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Special relativity question.

  1. May 7, 2010 #1
    Ok here's the short story. A friend of mine is in grad school for physics. I have a BS in physics, however i graduated in 2002 and haven't used anything i learned as i don't work in the field. I always try to think up questions to stump him. This time he got me. Here's what he asked me. In special relativity, At what speed does an object need to travel for its Total energy to be less than its resting energy. This one is way out of my league at this point.

    If i posted this in the wrong place i apologige.

    p.s. i asked him about the object having zero mass and didnt get a response.
     
  2. jcsd
  3. May 7, 2010 #2

    Nabeshin

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    Impossible.
    [tex]E^2=m^2c^4 +p^2 c^2=E_0 ^2 + (pc)^2 \implies E \geq E_0[/tex]
     
  4. May 7, 2010 #3
    But i dont see a solution for velocity? Even if that number was a negative number wouldnt there be at least a value that could be assigned. Sorry if im annoying ive been at work a long time at this point in my day. The brain shut off, but from my understanding of what he asked the total energy of the particle ( the rest energy plus the kenetic energy) must be less than it's rest energy. wouldnt there be a solution in terms of velocity. at least a way to mathmatically solve for it weather the answer is real or imaginary?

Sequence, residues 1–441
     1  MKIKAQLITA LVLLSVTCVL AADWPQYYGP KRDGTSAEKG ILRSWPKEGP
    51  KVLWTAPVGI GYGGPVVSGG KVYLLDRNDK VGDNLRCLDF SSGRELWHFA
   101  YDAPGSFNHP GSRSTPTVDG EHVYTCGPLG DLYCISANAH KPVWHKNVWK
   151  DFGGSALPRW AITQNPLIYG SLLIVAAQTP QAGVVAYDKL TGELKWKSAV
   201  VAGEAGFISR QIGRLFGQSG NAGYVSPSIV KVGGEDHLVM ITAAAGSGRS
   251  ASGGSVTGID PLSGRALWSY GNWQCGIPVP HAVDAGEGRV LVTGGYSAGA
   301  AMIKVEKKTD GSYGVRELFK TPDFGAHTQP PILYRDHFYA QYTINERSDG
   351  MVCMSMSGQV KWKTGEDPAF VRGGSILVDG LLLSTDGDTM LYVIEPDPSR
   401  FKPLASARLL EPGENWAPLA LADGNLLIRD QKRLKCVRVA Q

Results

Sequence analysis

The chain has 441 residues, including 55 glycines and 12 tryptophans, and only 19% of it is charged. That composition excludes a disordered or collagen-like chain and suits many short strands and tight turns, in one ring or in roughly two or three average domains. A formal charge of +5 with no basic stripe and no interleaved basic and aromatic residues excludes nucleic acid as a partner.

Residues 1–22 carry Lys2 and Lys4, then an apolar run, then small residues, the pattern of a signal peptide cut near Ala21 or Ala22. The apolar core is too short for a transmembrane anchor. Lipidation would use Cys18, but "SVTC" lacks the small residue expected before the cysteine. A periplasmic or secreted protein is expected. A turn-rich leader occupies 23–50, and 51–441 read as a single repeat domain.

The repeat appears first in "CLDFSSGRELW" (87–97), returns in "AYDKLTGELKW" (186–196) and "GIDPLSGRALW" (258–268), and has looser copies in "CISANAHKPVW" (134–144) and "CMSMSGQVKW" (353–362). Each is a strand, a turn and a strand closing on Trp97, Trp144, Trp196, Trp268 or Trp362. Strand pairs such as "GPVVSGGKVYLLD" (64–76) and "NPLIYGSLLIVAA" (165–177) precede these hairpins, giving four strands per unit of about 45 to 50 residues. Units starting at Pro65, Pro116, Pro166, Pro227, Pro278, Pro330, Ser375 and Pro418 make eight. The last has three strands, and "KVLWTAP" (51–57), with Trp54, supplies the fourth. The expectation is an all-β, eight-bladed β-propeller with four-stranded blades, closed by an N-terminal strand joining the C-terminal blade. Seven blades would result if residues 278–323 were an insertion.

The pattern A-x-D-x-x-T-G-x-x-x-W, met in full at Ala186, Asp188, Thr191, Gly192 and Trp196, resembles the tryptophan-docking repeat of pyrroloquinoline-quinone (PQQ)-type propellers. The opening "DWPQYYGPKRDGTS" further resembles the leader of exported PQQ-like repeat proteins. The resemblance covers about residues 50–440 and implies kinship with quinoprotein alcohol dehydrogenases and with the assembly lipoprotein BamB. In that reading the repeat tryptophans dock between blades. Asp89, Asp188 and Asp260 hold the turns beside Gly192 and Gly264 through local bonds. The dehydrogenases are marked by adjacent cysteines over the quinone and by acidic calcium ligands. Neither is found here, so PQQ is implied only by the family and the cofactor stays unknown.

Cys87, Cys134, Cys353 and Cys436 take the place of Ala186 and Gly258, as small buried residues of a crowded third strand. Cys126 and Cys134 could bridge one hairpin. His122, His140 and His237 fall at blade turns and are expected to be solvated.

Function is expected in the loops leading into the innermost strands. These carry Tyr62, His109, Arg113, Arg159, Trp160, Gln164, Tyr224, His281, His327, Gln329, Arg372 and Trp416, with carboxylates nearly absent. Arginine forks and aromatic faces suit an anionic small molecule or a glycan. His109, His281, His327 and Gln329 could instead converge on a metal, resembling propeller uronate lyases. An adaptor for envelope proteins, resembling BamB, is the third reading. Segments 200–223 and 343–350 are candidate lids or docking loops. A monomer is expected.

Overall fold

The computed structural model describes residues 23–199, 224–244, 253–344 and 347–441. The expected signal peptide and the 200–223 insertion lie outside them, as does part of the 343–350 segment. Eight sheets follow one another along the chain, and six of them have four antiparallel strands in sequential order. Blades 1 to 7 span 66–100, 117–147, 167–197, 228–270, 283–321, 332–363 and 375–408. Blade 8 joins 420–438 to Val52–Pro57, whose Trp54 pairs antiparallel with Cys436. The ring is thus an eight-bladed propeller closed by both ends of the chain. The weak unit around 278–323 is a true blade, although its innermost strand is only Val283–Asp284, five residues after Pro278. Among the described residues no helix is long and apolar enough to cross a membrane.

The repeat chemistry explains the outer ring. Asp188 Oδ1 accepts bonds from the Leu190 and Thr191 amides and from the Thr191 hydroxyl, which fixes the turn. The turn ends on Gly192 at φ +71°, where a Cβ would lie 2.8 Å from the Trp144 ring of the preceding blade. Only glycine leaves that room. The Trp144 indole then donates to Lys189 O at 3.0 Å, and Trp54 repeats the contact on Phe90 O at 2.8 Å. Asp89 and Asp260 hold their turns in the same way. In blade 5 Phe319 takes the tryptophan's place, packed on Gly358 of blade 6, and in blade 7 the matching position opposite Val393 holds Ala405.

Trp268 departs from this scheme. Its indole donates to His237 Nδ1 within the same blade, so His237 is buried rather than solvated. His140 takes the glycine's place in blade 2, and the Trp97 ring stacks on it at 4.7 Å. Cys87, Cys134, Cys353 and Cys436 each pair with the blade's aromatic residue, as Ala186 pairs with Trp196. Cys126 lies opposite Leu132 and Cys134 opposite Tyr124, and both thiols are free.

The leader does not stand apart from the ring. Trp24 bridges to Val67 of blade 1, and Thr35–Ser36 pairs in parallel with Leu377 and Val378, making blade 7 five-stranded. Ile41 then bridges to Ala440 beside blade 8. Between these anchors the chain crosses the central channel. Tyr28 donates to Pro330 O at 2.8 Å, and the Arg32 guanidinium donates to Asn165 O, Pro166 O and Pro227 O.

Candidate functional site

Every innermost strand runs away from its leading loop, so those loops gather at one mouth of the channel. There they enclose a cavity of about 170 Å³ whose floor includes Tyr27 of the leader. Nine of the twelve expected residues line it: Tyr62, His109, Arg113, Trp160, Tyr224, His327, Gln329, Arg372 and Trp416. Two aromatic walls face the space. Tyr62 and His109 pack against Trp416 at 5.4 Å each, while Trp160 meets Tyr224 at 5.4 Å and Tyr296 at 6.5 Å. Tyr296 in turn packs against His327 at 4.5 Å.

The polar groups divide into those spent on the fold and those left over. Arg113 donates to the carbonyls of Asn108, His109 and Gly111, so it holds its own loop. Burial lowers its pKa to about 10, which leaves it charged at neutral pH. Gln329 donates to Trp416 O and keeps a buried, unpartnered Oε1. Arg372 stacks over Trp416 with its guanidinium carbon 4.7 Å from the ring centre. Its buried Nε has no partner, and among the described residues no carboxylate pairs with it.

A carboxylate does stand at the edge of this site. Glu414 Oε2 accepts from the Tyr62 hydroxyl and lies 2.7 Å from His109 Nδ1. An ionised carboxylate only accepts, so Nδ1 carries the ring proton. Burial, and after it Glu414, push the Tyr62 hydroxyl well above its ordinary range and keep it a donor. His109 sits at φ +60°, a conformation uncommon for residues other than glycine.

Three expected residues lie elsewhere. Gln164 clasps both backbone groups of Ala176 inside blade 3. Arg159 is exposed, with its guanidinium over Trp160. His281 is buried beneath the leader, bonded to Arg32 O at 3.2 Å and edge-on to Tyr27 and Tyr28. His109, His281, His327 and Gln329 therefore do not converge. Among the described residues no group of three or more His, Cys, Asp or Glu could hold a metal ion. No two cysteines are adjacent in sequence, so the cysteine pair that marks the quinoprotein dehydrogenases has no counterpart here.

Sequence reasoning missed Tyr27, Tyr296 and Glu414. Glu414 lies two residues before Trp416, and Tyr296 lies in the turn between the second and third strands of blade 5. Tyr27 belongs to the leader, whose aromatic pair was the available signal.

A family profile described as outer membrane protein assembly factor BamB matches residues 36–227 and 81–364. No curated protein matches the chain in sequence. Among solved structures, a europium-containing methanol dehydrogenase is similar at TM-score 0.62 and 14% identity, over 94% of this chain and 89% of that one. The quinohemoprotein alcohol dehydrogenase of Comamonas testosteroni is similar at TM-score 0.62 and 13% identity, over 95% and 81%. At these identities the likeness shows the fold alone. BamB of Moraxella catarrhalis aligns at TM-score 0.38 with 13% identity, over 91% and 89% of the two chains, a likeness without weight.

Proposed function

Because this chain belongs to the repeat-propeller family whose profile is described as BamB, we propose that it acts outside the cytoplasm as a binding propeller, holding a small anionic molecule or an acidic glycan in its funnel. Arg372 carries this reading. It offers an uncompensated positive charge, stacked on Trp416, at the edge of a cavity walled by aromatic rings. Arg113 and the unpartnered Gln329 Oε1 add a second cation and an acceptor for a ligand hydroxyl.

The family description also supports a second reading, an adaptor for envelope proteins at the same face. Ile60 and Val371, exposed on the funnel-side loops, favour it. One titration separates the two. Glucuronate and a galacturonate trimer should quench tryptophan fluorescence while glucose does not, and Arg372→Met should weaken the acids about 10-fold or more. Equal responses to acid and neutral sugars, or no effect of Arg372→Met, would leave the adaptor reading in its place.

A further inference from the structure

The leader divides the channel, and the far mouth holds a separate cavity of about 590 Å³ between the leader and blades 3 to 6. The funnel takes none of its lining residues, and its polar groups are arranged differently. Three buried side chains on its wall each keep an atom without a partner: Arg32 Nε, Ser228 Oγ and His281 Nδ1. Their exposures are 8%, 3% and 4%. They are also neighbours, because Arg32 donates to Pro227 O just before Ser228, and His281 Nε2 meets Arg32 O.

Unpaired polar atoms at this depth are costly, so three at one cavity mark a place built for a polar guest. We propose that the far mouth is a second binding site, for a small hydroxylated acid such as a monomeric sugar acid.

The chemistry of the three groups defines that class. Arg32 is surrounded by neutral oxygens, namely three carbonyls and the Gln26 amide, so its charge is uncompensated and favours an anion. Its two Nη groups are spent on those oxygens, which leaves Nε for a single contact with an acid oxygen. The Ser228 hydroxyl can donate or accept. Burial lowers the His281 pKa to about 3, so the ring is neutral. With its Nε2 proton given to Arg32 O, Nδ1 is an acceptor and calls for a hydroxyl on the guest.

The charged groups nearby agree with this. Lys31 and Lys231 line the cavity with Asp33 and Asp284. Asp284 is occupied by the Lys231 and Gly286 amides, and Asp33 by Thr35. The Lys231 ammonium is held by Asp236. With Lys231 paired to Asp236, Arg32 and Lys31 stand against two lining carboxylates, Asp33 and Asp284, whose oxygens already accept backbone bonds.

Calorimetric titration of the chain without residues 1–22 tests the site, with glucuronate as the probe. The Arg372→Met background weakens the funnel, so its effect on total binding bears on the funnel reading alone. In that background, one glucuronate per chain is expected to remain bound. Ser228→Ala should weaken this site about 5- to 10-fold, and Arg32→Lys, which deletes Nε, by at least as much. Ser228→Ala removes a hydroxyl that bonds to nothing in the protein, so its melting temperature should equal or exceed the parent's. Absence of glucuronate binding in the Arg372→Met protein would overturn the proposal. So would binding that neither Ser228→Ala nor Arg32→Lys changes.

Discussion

Last edited: May 7, 2010
  5. May 7, 2010 #4
    [tex]TE=\frac{m_0c^2}{\sqrt{1-(v/c)^2}}[/tex]
    [tex]RE=m_0c^2[/tex]

    Find [tex]v[/tex] such that [tex]TE<RE[/tex] :-)
     
  6. May 8, 2010 #5

    Fredrik

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    In units such that c=1, we have [itex]E=\gamma m -m[/itex], where E is the kinetic energy, [itex]\gamma m[/itex] is the total energy, and m is the rest energy. You're looking for a velocity v such that [itex]\gamma m< m[/itex]. This is equivalent to [itex]\gamma<1[/itex], but

    [tex]\gamma=\frac{1}{\sqrt{1-v^2}}>1[/tex]

    However, all of the above is for massive particles...and by that I mean particles with mass m>0.

    Every particle satisfies an equation of the form [itex]-E^2+p^2=A[/itex]. If [itex]A\leq 0[/itex], we write [itex]A=-m^2[/itex], where m is defined to be >0, and is called the "mass" of the particle. If we insist on writing [itex]A=-m^2[/itex] even when A>0 (which would be appropriate if we intend to call m the "mass"), m must be imaginary. These particles are called tachyons.

    It's a bit more convenient to write [itex]A=n^2[/itex], where n=im>0. The equation that we would write as [itex]E^2=p^2+m^2[/itex] for massive particles would be written as [itex]E^2=p^2-n^2[/itex]. I haven't really thought about how to define momentum, rest energy or total energy for tachyons, but it's clear that these are the things you need to work out if you're going to really answer the question.

    The really short answer is of course v>c (if it's possible at all...I haven't verified that it is), but the answer isn't complete without the appropriate definitions.
     
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